by Sarah Blake
After reading Team of Rivals, by Doris Kearns Goodwin, I needed a page-turner in the worst way and by a stroke of good luck The Postmistress fell into my hands the day after I had finished all 754 pages of the story of Lincoln’s presidency (not including footnotes). While The Postmistress definitely falls under the category of “chick lit”, it is a moving story that is well told and refreshingly free of the usual romantic silliness that characterizes the genre. The basic premise of the story is that the lady postmaster in a small New England village decides not to deliver a letter. As Postmaster, Iris James’ sworn duty is to deliver the mail no matter what it contains or whom it is for. She knows full well what the letter in question contains and by withholding it lets one person’s story play out differently than it would have. This novel could easily have been the victim of a trite plot line, however author Sarah Blake displayed her considerable talent as a researcher. Ms. Blake succeeds in creating the main characters, Iris James and Frankie Bard, imagining small town America still reeling from World War I and in denial about the global threat posed by Germany under the Third Reich, and providing vivid descriptions of war-torn Europe.
The story takes place during the World War II German bombing of London, before the United States joined the fight against Adolf Hitler. At that time, important news of the world arrived in newspapers, newsreels, and radio broadcasts. Edward R. Murrow was the first to bring the theater of war into Americans’ homes with his descriptive, daily broadcasts from London. Murrow and his team of reporters dodged bombs and strafing runs in order to communicate to Americans how desperate and dangerous the situation in Europe was becoming. Murrow’s gift was his narrative style with which he calmly and unemotionally described the unspeakable horrors of war.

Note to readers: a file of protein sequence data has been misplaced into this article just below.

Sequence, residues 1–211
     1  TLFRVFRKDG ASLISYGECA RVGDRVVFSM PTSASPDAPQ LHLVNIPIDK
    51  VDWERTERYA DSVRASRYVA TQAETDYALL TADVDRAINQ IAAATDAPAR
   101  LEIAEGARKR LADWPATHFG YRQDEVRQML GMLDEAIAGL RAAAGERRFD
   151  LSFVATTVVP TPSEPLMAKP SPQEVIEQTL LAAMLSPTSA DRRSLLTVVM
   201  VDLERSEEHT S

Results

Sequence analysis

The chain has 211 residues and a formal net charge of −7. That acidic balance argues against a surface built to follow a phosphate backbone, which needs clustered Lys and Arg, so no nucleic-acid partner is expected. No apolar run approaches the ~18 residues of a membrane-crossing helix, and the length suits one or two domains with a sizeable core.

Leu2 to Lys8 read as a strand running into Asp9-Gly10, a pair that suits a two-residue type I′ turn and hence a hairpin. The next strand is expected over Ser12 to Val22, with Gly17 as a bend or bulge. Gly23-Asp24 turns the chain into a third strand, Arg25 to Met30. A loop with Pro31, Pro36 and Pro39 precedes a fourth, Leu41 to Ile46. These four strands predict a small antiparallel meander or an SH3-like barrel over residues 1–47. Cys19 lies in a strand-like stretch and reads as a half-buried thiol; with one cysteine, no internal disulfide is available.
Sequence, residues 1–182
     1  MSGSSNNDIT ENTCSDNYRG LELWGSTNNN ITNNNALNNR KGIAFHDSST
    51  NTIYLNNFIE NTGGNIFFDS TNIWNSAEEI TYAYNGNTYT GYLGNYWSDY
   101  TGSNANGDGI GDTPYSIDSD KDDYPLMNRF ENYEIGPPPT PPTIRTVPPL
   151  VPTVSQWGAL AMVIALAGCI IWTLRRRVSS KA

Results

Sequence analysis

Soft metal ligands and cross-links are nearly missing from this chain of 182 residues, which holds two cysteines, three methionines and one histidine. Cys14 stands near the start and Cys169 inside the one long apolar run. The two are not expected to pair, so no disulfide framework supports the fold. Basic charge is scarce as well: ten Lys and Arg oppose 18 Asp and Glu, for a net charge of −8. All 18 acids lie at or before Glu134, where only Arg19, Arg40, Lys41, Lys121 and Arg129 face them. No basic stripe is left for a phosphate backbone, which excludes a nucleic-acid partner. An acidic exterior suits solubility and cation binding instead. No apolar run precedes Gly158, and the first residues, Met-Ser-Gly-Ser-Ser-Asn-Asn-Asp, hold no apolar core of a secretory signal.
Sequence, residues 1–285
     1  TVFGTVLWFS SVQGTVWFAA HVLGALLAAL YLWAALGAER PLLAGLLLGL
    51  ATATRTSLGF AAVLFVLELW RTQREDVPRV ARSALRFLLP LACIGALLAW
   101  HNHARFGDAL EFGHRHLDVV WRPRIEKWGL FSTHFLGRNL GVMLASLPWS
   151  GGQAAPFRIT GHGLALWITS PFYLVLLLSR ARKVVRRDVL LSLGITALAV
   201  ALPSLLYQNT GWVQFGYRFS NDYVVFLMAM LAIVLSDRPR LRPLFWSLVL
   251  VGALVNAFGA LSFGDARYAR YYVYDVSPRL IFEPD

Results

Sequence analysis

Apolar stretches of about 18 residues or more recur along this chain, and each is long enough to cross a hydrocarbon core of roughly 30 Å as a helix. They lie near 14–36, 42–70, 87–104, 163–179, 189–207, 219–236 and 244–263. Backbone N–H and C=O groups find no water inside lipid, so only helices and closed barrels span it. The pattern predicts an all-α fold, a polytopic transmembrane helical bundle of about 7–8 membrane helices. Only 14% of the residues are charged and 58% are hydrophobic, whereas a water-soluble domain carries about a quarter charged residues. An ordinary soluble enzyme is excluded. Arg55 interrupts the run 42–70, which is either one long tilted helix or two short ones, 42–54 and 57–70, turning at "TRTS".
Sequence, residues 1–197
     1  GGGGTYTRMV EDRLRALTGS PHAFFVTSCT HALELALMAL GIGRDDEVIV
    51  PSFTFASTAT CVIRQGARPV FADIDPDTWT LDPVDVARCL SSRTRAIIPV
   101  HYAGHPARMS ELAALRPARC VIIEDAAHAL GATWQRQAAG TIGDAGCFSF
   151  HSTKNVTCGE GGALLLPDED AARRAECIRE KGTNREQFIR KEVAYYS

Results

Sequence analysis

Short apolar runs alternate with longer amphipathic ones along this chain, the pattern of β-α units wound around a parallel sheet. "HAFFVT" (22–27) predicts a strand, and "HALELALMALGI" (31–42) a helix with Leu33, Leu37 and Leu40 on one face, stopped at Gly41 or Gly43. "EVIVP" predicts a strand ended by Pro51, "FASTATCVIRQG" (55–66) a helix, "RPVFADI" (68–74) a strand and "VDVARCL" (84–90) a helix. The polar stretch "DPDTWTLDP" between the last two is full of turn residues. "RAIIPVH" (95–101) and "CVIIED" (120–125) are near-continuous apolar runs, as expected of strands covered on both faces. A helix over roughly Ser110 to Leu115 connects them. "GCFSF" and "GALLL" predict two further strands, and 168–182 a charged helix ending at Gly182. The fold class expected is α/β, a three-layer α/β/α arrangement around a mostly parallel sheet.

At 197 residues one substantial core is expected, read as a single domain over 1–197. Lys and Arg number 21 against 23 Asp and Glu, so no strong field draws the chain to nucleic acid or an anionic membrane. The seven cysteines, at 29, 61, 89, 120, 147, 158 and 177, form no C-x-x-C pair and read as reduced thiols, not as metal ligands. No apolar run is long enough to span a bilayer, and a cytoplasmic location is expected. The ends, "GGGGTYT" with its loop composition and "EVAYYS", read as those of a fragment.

While not unheard of, women news reporters were extremely rare in Murrows’s day and Ms. Blake does a good job of making Frankie Bard believable in that role. Frankie has a certain sang froid and toughness to her character which earns her the respect of her male peers, and eventually the fictionalized Murrow hires her to compile an on-air broadcast. Nervous at first, Frankie soon develops her own voice and becomes a regular radio reporter from London. Meanwhile, back in America people find themselves increasingly moved by some of her stories detailing the tragedies overseas. A visionary few Americans who listened to the radio news broadcasts recognized the ease with which a German submarine could attack the homeland.